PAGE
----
Mental illness. Many people hear the term and imagine padded walls and a straight jacket. There’s a stigma attached to the word, and many people are afraid to be labeled as mentally ill or surrounded by people who have that label. Many people avoid talking about it because it’s not something people want to think about.
Well, Jenny Maher is getting that conversation started. In her book, Never Give Up, she discusses the many challenges she’s faced in life- including her mother’s and her own mental health issues. Her mother’s mental issues were, for the most part, untreated and left Jenny and her brother in the care of the foster system for most of their childhoods.
In the system, Jenny experienced abuse. And childhood trauma doesn’t just go away. It often comes back to haunt people in the form of mental illness.
As an adult, Jenny was diagnosed with PTSD and depression, both of which are common troubles in children from abused homes. On top of that all, Jenny was diagnosed with Bipolar Disorder. At one point, she tried committing suicide.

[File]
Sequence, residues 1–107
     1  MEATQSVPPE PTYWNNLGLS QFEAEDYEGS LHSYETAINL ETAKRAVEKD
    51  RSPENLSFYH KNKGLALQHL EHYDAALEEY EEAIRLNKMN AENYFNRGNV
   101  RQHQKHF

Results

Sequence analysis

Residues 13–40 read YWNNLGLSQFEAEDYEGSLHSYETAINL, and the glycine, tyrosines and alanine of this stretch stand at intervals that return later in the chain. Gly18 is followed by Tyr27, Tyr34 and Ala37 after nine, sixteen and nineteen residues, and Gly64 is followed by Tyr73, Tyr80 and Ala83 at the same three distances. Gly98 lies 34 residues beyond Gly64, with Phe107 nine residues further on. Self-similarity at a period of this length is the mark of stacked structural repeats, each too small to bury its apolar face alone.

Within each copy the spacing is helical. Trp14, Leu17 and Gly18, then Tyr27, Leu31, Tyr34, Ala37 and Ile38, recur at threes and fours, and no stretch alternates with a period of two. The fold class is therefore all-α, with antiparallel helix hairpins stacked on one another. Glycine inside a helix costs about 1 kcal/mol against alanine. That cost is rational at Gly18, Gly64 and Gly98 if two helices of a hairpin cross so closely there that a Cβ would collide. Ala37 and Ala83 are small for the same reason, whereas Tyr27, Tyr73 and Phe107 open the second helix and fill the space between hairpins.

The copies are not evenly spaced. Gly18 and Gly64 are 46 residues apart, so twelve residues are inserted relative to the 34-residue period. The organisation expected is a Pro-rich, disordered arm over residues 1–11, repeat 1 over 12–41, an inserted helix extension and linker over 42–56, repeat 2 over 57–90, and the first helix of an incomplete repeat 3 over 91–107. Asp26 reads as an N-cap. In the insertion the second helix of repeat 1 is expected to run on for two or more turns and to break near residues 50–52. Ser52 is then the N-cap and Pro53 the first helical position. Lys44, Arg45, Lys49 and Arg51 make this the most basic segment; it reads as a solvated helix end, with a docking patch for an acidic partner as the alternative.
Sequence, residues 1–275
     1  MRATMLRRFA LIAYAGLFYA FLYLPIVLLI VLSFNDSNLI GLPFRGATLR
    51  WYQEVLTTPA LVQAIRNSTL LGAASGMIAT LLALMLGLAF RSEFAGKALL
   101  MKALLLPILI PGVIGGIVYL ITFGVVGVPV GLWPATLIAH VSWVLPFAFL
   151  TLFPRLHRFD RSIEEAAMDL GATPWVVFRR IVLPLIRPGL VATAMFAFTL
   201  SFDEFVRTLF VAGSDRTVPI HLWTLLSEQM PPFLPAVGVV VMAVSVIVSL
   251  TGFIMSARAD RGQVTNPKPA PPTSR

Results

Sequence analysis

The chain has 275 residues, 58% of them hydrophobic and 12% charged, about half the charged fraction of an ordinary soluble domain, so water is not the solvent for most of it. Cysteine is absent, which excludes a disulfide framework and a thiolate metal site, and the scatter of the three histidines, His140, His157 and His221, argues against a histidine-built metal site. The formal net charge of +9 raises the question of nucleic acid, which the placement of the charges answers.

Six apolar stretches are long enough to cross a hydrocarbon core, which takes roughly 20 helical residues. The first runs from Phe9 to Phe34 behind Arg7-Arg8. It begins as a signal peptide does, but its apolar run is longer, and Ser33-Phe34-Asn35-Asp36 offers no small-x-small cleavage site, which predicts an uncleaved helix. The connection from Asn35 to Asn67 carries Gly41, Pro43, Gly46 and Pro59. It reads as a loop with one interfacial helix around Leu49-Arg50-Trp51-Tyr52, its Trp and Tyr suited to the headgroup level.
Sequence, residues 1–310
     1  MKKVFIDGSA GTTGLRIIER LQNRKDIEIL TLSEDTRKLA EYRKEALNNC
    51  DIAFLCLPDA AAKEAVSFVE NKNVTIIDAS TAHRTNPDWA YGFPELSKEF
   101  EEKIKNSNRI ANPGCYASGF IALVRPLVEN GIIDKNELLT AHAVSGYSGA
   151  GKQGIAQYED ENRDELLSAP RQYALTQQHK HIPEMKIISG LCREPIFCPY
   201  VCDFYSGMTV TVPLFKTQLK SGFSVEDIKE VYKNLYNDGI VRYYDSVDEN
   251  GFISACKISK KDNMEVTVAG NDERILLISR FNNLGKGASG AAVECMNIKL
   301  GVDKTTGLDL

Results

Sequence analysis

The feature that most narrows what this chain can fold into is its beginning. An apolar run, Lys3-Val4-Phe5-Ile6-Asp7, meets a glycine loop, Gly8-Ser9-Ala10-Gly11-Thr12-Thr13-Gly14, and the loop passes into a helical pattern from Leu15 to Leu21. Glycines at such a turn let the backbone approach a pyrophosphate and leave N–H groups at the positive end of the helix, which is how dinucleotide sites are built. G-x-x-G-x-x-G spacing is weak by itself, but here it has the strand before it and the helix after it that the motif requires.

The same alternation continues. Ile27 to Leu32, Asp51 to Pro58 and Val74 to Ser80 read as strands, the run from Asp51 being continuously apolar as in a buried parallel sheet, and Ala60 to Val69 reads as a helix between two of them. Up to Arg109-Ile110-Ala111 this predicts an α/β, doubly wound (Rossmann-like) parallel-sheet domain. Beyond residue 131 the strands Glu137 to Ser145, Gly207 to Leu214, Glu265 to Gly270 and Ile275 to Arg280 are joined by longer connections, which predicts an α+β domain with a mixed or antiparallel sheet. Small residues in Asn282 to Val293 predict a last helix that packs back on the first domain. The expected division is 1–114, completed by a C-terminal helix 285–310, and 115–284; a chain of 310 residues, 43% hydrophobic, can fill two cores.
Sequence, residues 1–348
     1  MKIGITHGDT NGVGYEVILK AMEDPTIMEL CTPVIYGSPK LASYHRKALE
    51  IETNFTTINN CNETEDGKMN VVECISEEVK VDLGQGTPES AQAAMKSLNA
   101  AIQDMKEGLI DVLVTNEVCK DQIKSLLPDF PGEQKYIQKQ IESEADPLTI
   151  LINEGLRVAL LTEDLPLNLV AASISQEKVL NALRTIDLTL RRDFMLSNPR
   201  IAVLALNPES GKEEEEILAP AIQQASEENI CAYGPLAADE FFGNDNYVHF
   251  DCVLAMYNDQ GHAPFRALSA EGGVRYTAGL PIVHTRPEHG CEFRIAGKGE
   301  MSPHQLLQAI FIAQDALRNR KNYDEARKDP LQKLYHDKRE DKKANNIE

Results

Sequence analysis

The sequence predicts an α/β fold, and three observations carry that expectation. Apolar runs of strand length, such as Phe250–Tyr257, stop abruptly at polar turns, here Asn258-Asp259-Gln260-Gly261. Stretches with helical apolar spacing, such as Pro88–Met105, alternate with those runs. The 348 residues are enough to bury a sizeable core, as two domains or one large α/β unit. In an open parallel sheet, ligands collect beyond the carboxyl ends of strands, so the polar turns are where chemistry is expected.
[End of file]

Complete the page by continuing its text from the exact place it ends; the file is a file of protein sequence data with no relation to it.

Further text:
Jenny didn’t let her challenges stop her from living an inspiring life. She is an advocate for many issues, especially for stopping the stigma associated with mental illness. Her journey towards mental health hasn’t been easy, but her story is an inspiration to anyone faced with challenges in life. Jenny explained why she speaks up about mental illness:
The reason I feel I need to speak out about mental illness, is because so many people suffer from it, but are afraid of reaching out because of the stigma that they’re going to be treated differently, which unfortunately is true. It’s sad that once someone is diagnosed with something as common as depression friends and/or family treat you with kid gloves, whispering behind doors because they don’t want to upset you. Worst of all when we show some emotion like anger or crying, instead of talking to us, they say we need to take a pill or go lie down.
People don’t realize sometimes mental illness is usually genetic, a chemical imbalance that just requires medication. But a lot of times (especially with depression or with people who are dealing with PTSD, it’s usually caused from the way we were raised or our experiences growing up. Those experiences have been held in so long and we don’t know how to talk about our problems. And although they say that communication is most important in a relationship, I believe it’s also patience and understanding.
We have no control over the cards we’re dealt, but we can change the deck.
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